“For the weapons of our warfare are not of the flesh but have divine power to destroy strongholds. We destroy arguments and every lofty opinion raised against the knowledge of God, and take every thought captive to obey Christ, being ready to punish every disobedience, when your obedience is complete.”

For the purpose of this post, I want to really hone in on the tail end of verse 5: “…take every thought captive to obey Christ…” 

John Piper breaks down this part of the text really well in one of his “Desiring God” episodes. He mentions the importance of noting the true context here 一  Paul is referring to the minds and thoughts of others, ‘opponents’ of God’s truth. So, we’re off the hook, right? 

Wrong.

This text can still be applied to ourselves when we consider that we frequently fall into that group with thoughts that don’t align with God’s truth. As Piper says, everything should be submitted for scrutiny to Paul’s words, which are God-breathed.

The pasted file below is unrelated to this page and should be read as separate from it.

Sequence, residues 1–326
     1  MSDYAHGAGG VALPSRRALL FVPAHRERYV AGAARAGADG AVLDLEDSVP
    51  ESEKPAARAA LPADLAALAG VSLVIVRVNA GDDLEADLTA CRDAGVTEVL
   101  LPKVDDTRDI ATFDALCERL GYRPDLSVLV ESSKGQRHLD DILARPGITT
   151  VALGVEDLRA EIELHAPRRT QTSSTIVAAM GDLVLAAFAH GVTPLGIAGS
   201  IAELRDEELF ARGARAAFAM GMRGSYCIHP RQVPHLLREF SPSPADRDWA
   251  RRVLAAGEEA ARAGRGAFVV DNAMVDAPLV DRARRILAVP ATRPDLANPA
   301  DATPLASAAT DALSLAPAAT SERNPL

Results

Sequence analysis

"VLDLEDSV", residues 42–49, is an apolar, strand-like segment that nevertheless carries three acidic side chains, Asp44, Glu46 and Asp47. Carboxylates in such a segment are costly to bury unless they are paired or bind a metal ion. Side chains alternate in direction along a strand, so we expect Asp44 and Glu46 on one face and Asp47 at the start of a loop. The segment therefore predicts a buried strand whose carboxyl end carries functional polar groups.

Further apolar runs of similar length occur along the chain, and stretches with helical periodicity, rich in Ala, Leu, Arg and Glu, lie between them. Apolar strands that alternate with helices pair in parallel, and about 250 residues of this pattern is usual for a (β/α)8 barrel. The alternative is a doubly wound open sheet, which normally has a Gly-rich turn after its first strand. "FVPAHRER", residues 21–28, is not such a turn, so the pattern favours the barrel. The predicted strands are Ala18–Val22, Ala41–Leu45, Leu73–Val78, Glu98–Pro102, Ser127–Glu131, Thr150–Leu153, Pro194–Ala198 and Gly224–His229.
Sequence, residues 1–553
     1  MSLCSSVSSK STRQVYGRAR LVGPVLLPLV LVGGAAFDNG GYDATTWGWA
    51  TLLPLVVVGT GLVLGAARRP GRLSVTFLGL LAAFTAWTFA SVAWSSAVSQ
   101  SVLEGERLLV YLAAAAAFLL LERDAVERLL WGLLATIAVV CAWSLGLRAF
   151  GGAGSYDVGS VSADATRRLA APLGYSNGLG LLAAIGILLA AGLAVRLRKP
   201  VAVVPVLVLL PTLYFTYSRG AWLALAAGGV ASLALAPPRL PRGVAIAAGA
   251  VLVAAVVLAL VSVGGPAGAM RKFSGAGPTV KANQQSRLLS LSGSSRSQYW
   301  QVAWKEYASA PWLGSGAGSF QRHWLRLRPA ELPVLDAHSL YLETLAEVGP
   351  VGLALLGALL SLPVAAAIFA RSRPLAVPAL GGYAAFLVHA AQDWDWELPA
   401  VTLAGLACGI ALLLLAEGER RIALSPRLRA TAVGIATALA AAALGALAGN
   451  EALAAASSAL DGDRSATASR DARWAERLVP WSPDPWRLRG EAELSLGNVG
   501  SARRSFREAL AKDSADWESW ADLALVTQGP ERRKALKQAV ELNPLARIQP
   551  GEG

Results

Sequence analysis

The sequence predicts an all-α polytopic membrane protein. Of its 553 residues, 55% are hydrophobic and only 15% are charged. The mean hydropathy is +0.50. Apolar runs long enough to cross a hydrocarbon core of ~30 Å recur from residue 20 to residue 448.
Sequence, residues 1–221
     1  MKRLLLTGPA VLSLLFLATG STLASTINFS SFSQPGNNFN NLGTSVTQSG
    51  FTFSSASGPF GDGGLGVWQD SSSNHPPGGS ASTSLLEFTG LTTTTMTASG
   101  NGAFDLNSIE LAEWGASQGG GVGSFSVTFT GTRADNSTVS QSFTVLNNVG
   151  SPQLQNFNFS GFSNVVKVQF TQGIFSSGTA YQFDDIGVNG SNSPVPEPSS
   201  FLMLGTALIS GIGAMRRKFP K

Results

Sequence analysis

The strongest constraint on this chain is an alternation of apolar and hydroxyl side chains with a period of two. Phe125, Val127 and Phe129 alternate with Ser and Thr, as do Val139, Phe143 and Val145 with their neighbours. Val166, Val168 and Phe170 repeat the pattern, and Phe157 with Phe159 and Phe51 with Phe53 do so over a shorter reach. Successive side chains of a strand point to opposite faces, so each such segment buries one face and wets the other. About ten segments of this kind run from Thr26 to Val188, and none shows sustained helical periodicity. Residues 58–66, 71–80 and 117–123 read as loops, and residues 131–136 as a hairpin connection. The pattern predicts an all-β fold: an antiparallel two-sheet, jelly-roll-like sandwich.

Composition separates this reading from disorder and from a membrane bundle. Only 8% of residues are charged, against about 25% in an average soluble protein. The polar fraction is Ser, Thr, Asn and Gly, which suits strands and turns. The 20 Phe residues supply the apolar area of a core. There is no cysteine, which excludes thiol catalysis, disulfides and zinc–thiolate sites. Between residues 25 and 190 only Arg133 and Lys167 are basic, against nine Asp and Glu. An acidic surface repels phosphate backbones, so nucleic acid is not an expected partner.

Sort of like that awkward moment as a believer when you realize all along you were more like the prodigal son and not the rule-following brother. Or was that just me?

Anyways, this is where I want to bring being intentional back into the mix. 

Thoughts are a fickle thing, aren’t they? It’s easy to let a sinful thought come and pass without a second glance.